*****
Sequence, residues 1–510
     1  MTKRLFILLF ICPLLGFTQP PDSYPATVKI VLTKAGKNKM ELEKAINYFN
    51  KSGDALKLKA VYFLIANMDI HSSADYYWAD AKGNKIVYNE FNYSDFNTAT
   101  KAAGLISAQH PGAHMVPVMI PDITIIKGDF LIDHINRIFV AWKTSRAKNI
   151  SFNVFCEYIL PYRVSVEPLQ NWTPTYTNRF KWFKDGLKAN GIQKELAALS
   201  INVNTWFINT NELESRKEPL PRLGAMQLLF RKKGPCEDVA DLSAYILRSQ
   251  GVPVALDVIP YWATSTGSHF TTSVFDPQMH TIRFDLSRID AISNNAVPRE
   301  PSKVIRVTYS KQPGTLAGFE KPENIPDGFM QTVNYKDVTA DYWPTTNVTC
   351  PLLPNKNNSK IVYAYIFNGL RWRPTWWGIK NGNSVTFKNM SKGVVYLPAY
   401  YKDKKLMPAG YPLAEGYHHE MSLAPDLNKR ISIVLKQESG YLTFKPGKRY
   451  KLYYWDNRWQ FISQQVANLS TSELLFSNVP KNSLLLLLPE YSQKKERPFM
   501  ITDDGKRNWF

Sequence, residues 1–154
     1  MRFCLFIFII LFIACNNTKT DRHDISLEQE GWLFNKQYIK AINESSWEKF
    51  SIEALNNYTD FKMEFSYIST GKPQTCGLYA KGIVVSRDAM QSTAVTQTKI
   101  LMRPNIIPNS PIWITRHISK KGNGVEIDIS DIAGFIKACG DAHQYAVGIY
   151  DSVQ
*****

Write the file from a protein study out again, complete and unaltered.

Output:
Sequence, residues 1–510
     1  MTKRLFILLF ICPLLGFTQP PDSYPATVKI VLTKAGKNKM ELEKAINYFN
    51  KSGDALKLKA VYFLIANMDI HSSADYYWAD AKGNKIVYNE FNYSDFNTAT
   101  KAAGLISAQH PGAHMVPVMI PDITIIKGDF LIDHINRIFV AWKTSRAKNI
   151  SFNVFCEYIL PYRVSVEPLQ NWTPTYTNRF KWFKDGLKAN GIQKELAALS
   201  INVNTWFINT NELESRKEPL PRLGAMQLLF RKKGPCEDVA DLSAYILRSQ
   251  GVPVALDVIP YWATSTGSHF TTSVFDPQMH TIRFDLSRID AISNNAVPRE
   301  PSKVIRVTYS KQPGTLAGFE KPENIPDGFM QTVNYKDVTA DYWPTTNVTC
   351  PLLPNKNNSK IVYAYIFNGL RWRPTWWGIK NGNSVTFKNM SKGVVYLPAY
   401  YKDKKLMPAG YPLAEGYHHE MSLAPDLNKR ISIVLKQESG YLTFKPGKRY
   451  KLYYWDNRWQ FISQQVANLS TSELLFSNVP KNSLLLLLPE YSQKKERPFM
   501  ITDDGKRNWF

Sequence, residues 1–154
     1  MRFCLFIFII LFIACNNTKT DRHDISLEQE GWLFNKQYIK AINESSWEKF
    51  SIEALNNYTD FKMEFSYIST GKPQTCGLYA KGIVVSRDAM QSTAVTQTKI
   101  LMRPNIIPNS PIWITRHISK KGNGVEIDIS DIAGFIKACG DAHQYAVGIY
   151  DSVQ